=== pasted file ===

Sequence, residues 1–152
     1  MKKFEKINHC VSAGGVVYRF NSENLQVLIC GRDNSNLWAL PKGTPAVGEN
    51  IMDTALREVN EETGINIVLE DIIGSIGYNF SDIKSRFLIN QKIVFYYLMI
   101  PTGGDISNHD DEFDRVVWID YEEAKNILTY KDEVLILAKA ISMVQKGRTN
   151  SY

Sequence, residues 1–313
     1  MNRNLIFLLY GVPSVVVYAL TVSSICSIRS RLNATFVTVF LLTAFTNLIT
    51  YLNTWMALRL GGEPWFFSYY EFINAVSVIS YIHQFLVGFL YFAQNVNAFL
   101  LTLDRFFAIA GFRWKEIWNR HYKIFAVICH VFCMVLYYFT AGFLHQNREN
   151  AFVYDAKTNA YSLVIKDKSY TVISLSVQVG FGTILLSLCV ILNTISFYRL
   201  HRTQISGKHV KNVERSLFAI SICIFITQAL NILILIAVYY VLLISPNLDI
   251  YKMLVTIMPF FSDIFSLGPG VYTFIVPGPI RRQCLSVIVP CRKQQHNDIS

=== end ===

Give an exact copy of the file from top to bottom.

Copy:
Sequence, residues 1–152
     1  MKKFEKINHC VSAGGVVYRF NSENLQVLIC GRDNSNLWAL PKGTPAVGEN
    51  IMDTALREVN EETGINIVLE DIIGSIGYNF SDIKSRFLIN QKIVFYYLMI
   101  PTGGDISNHD DEFDRVVWID YEEAKNILTY KDEVLILAKA ISMVQKGRTN
   151  SY

Sequence, residues 1–313
     1  MNRNLIFLLY GVPSVVVYAL TVSSICSIRS RLNATFVTVF LLTAFTNLIT
    51  YLNTWMALRL GGEPWFFSYY EFINAVSVIS YIHQFLVGFL YFAQNVNAFL
   101  LTLDRFFAIA GFRWKEIWNR HYKIFAVICH VFCMVLYYFT AGFLHQNREN
   151  AFVYDAKTNA YSLVIKDKSY TVISLSVQVG FGTILLSLCV ILNTISFYRL
   201  HRTQISGKHV KNVERSLFAI SICIFITQAL NILILIAVYY VLLISPNLDI
   251  YKMLVTIMPF FSDIFSLGPG VYTFIVPGPI RRQCLSVIVP CRKQQHNDIS